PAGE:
Therefore, we can say that having more servers improves the reliability in case of some nodes crashes, but lowers the performance because it implies more network communications. The recommended number of servers is five. Having a high number of clients makes the system more scalable, because the health check and request forwarding work is distributed over all clients.

Multi-cluster configurations are natively supported, for geographically distributed environments. Each cluster serves data about different services. Applications, however, can query any cluster. If necessary, Consul will forward the request to the proper cluster to retrieve the required information.


Currently most Linux distributions do not include Consul. However the package is present in some versions that are not yet stable (like Debian Testing and Ubuntu 16.10).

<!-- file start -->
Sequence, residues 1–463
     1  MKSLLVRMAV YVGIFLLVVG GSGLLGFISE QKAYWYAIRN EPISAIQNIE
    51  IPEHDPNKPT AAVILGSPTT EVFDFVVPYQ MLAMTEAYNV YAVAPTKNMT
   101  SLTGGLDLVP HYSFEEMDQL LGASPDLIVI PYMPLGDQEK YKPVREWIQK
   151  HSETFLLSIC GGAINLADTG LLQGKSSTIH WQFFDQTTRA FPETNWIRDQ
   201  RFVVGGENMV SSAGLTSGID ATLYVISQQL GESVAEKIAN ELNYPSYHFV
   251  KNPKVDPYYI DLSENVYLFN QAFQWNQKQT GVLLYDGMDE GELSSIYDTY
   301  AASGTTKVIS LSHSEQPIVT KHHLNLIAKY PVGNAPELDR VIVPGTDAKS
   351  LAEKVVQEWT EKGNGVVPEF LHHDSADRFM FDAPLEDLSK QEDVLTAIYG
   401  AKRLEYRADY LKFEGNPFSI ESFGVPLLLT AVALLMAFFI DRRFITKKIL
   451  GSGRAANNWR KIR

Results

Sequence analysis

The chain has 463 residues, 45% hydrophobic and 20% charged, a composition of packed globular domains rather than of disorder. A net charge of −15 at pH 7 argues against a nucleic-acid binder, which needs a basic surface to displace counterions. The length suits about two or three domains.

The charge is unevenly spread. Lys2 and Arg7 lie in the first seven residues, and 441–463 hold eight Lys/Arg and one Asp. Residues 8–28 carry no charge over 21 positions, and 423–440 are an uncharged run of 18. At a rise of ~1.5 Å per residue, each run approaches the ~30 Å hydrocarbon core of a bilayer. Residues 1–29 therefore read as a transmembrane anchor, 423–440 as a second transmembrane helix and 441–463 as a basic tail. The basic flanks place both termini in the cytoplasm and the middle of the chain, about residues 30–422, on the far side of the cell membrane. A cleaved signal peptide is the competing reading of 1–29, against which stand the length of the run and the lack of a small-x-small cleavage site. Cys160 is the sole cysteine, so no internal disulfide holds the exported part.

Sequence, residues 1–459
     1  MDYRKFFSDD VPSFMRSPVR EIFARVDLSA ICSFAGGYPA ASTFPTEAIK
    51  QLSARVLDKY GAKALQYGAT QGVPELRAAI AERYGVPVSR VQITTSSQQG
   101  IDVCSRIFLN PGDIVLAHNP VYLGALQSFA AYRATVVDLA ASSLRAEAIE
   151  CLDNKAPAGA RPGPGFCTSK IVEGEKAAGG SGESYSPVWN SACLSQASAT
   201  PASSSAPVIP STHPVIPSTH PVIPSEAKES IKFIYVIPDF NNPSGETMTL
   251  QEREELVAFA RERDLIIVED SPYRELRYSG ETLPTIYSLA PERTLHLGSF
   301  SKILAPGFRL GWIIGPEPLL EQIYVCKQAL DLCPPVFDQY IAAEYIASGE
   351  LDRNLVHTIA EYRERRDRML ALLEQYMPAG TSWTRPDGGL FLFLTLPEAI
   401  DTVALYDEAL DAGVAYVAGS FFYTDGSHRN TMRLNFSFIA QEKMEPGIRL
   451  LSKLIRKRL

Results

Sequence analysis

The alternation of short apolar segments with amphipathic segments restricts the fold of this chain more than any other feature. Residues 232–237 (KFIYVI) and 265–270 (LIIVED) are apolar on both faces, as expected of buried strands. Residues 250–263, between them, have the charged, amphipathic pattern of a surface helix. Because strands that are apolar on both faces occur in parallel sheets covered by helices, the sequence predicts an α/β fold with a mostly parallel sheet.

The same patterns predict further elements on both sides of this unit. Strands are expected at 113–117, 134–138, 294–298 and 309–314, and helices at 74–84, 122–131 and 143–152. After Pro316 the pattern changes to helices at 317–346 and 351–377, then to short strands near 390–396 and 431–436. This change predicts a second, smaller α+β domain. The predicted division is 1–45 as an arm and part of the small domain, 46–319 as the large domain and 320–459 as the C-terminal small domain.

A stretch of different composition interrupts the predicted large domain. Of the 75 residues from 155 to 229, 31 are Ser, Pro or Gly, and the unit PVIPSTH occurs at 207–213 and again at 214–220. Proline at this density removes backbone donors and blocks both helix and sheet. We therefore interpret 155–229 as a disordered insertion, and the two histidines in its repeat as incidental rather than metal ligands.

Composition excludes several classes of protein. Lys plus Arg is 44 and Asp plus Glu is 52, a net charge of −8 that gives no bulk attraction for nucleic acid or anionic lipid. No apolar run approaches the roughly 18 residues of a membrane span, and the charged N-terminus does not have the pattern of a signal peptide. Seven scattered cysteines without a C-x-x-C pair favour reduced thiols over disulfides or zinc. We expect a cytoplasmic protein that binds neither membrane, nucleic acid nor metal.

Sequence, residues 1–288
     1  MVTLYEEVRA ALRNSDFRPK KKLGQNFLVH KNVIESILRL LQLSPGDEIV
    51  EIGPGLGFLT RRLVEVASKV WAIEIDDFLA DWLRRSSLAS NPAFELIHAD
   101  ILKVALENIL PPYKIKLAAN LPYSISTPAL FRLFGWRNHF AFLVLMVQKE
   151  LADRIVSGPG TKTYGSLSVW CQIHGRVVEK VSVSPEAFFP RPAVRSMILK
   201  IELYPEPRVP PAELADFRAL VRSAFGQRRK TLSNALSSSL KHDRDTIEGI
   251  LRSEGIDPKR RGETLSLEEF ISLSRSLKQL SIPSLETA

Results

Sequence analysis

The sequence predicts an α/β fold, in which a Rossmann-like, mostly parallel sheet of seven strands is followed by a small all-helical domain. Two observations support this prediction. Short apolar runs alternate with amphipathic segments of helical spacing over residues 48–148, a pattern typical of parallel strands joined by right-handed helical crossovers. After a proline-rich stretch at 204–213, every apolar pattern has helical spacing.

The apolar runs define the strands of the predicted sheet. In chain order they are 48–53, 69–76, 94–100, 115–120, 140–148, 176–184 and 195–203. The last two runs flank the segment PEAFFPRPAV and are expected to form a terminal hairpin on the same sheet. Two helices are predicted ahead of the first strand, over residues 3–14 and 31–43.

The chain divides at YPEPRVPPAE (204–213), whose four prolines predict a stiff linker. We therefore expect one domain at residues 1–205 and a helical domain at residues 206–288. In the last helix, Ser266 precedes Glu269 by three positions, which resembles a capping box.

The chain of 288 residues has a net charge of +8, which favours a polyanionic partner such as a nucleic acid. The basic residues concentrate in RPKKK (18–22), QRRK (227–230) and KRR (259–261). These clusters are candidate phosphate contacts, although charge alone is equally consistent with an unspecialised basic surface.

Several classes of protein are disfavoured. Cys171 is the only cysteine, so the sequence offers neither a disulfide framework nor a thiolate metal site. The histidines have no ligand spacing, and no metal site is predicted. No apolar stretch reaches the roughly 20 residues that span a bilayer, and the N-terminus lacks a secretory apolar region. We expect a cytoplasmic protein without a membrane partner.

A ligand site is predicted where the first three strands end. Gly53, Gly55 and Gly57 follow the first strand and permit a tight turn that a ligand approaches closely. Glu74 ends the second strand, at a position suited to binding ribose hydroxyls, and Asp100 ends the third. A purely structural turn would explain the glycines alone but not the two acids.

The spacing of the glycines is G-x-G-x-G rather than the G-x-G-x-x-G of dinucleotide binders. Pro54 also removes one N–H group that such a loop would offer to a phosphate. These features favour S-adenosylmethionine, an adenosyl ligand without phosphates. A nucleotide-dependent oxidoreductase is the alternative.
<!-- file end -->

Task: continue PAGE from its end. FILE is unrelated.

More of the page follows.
Some community packages also exist. Before using them, you should test them to be sure that they are production-ready.

Consul in Docker

Consul’s official Docker image is based on Alpine Linux, which makes it very small. Alpine Linux is a distribution designed for embedded environments, and has recently become quite popular in the Docker world. It is based on Busybox, a tiny re-implementation of GNU basic tools.

The image is also very secure. Normally containers run a daemon as root; Consul runs as consul user, via a sudo alternative called gosu.

A Good Use Case

When we start a new container in a “dockerized” environment, we cannot predict its IP. This is a major pain when setting up a cluster: all nodes must be configured with other nodes addresses, and optionally a proxy (like ProxySQL) must know the nodes’ addresses. The problem reappears every time we add a new node, a new slave, or a new proxy. Consul is a great way to solve this problem. We will see this in depth in a future post.


Consul, ProxySQL and MySQL HA


When it comes to “decision time” about which type of MySQL HA (high-availability) solution to implement, and how to architect the solution, many questions come to mind. The most important questions are:

  • “What are the best tools to provide HA and Load Balancing?”
  • “Should I be deploying this proxy tool on my application servers or on a standalone server?”.